Empowering newcomer entrepreneurs
Empowering newcomer entrepreneurs
For Alexey Saltykov, an accident in a rental vehicle in Europe was the catalyst for a new business venture in Canada.
“I thought the damages to the car would be covered by my credit card protection and was surprised to find they were not,” Mr. Saltykov says. “I ended up paying the $6,000 in damages myself.” It was a lesson well-learned.
Born in Russia, Mr. Saltykov came to Canada in 2008 on a work transfer from Germany. His business idea percolated for several years while he worked as a management consultant. When the time was right he said goodbye to his consulting career and embarked on entrepreneurship together with his business partner, Dmitry Mityagin.
Today Mr. Saltykov, 33, is the co-founder and CEO of Toronto-based InsurEye Inc., a free online service educating Canadian consumers about home, auto, life and credit card insurance through independent insurance consumer reviews and cost comparison.
While he has a master’s degree in mechanical engineering and five languages under his belt, Mr. Saltykov was unfamiliar with many challenges of starting a new business here.
“The hardest moment for a small company is at the very beginning. You think you know how everything works but there are so many different things to think about, from funding, product design and development to customer service, marketing and accounting,” he says.
Mr. Saltykov turned to the Canadian Youth Business Foundation (CYBF), which believed in his idea and provided him with startup funding and an experienced mentor to guide him through the first two years of business.
Many newcomers arrive with skills that lend themselves to being successful entrepreneurs, says Julia Deans, CEO of CYBF.
“The very fact that they have moved themselves and their families around the world makes it clear that they are risk-takers,” she says. “They often come from cultures where self-employment is more prevalent and tend to be more creative and open-minded about how to make money.”
There can be significant challenges for immigrants looking to start a business in Canada, Ms. Deans says. First is a lack of familiarity with the Canadian marketplace and the available opportunities. Second is a shortage of connections to networks of professionals beyond their own culture that enhance entrepreneurial success. Third may be a lack of the cultural and language skills necessary to do business here. Access to startup funding is also a major hurdle.
Recognizing these challenges, CYBF launched the Newcomer Entrepreneur Program. Available to those aged 18 to 39 who have been in the country for less than five years, the program offers a series of tools and resources that empower newcomers to succeed in business.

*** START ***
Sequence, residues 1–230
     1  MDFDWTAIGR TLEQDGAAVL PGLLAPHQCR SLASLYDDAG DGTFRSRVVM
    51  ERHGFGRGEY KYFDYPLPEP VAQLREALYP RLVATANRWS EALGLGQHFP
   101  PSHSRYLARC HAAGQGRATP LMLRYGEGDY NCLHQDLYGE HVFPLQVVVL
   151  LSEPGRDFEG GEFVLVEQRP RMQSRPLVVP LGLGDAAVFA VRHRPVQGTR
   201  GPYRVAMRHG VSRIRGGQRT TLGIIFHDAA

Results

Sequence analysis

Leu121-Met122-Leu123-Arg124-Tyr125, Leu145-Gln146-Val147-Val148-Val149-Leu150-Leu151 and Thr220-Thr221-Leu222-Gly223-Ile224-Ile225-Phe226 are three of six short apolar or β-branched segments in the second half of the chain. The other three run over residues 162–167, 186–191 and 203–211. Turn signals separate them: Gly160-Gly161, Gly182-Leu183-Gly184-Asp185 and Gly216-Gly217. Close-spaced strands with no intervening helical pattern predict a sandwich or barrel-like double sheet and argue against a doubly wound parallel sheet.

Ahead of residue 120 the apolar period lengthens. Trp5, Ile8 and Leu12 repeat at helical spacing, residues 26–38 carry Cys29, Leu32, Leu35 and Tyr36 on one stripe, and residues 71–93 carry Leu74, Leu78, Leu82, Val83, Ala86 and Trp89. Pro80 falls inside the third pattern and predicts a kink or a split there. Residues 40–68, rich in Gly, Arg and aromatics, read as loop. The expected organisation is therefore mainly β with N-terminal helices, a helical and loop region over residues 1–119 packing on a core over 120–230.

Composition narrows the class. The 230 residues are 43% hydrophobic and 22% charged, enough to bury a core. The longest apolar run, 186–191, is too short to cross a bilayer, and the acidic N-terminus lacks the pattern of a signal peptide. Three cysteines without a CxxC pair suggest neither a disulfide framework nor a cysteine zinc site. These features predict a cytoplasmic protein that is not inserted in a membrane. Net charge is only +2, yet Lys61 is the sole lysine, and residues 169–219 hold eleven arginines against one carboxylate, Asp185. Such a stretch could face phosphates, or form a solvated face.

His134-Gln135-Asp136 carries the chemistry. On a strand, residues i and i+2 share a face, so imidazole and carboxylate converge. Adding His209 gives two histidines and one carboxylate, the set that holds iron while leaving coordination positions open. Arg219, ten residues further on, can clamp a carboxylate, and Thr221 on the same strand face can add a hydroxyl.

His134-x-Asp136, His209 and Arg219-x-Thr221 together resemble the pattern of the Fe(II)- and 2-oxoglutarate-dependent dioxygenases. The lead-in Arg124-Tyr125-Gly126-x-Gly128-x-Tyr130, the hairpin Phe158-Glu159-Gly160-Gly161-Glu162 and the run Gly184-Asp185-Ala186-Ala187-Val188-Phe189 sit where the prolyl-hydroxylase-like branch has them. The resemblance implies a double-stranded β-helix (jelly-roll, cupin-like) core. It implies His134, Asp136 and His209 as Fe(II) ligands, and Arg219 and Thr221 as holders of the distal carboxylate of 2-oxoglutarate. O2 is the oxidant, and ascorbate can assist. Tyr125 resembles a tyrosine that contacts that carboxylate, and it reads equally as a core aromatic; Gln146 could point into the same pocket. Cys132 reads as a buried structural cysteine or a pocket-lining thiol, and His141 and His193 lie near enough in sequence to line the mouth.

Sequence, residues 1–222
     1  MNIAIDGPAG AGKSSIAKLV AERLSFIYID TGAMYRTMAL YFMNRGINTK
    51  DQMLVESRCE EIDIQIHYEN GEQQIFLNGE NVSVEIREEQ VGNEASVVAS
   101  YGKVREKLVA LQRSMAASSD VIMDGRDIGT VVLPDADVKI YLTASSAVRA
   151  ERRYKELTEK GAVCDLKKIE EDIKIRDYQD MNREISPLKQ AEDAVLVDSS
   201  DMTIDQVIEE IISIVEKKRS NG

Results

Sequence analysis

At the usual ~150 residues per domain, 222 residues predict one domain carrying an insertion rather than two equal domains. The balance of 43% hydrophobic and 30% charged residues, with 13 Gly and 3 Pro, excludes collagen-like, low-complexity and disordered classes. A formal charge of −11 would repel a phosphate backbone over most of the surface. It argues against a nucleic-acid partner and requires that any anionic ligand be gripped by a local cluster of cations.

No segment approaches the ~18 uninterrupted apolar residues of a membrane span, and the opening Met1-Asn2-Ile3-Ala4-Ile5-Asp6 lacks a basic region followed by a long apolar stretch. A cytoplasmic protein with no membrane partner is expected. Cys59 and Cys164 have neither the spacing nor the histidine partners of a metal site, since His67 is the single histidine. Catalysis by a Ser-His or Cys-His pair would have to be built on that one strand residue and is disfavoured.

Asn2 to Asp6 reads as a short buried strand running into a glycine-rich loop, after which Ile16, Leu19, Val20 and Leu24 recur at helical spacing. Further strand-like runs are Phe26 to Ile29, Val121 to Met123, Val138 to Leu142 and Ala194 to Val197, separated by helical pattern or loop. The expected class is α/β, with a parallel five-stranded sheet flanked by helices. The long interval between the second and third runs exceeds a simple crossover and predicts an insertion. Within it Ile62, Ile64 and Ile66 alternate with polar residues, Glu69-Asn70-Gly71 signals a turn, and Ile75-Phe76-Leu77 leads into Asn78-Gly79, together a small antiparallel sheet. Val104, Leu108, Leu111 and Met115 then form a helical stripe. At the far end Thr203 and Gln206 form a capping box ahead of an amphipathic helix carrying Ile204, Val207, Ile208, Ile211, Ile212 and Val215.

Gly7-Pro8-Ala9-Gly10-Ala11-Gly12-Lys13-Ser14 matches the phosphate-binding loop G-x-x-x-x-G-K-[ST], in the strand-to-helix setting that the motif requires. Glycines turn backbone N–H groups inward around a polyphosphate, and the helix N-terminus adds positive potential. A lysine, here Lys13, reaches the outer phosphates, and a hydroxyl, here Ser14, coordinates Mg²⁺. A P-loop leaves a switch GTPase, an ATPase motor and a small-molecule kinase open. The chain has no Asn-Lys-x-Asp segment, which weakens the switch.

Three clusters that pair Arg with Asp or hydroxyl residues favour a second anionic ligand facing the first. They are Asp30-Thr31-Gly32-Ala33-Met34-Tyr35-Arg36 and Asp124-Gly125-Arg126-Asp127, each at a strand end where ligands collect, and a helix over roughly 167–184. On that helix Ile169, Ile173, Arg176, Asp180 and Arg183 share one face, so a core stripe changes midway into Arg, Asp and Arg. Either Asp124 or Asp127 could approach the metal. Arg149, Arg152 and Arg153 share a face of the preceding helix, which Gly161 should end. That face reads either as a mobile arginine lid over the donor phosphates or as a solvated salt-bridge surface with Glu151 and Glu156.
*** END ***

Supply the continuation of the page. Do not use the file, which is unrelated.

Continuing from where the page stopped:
Many immigrants interested in starting a business lack the credit rating necessary to qualify for startup funds. CYBF’s funding formula differs from many others by focusing on strength of character and drive to succeed rather than just collateral, says Beth Dea, CYBF’s Director of Programs. Newcomers who qualify may receive a loan of up to $15,000. Those who have established a credit rating may receive up to $45,000.
The program also provides access to culturally sensitive mentoring for two years. One-on-one, hand-selected mentors help cultivate a better understanding of how business is conducted in Canada and provide introductions that expand business networks.
Customized resources also help both mentor and mentee maximize the value of this critical relationship.
“Working with our business planning resources is an extremely important part of the process,” Ms. Dea says. “It can take newcomers three times longer than a non-newcomer to write a business plan. Being able to provide the tools needed to significantly reduce that time is one of our key goals.”
Strategic partnerships with like-minded organizations also help. For example Connect Legal is a registered charity that provides legal advice to qualified immigrant entrepreneurs that lack sufficient funds to afford the fees.
“CYBF is a great partner for us,” says Marion Annau, president and founder of Connect Legal. “Newcomer entrepreneurs may feel as though they are navigating a maze. Together we are helping to guide them around some of the walls they might bump into along the way.”
National Post |